In reaction to the ruling, the Los Angeles Times editorial states:

"The tradition of religious freedom in the United States is one of the founding ideals of this country. But as our framers envisioned it, religious freedom referred to a right to practice one's own religion free of interference from others. It did not refer to religiously based interference with the rights of others, who may have their own and different religious traditions. Even in the relatively religiously homogeneous era of the framers, such interference was not acceptable. It is even less so in 21st century America. With religious heterogeneity growing, the devotional demands of one group may be increasingly at odds with those of others.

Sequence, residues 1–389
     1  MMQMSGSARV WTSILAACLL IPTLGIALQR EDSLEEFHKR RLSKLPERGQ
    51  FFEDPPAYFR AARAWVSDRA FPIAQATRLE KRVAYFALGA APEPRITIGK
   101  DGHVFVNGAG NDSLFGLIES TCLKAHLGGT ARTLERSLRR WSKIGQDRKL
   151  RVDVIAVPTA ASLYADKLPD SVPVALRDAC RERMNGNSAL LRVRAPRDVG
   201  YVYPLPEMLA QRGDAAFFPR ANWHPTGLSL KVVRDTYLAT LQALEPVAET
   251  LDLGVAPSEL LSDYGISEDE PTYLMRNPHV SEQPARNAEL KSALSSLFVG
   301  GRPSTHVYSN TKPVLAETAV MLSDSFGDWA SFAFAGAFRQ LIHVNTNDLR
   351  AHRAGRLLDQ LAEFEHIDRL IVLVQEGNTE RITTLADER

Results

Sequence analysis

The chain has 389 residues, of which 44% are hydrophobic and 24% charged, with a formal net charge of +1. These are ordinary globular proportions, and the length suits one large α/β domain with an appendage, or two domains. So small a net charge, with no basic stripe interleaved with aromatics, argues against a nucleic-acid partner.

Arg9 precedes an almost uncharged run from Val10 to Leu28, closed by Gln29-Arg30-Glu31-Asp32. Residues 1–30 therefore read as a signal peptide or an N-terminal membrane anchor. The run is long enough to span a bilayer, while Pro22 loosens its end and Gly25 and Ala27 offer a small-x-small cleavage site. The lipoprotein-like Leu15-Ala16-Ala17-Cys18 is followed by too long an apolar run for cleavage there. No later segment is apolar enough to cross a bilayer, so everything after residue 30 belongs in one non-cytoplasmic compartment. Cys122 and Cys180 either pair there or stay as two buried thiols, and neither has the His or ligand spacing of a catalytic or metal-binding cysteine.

"Yet too often, our deference to religion in contemporary American society has allowed us to subordinate all other values. It has allowed us to routinely accept religiously motivated behaviors that we otherwise would have no reluctance to sanction and that, indeed, would be impermissible with any other justification.

"So it's time to say 'enough.' In the United States, we all are free to practice our religion as we see fit, as long as we do not interfere with the well-being of others by imposing our religious views on them. If physicians or other healthcare providers who have religious objections to legal medical treatments will not at a minimum inform their patients about those treatments and refer them to others who will deliver them, they should act in a way that is consistent with their convictions and the well-being of their patients and find other professions.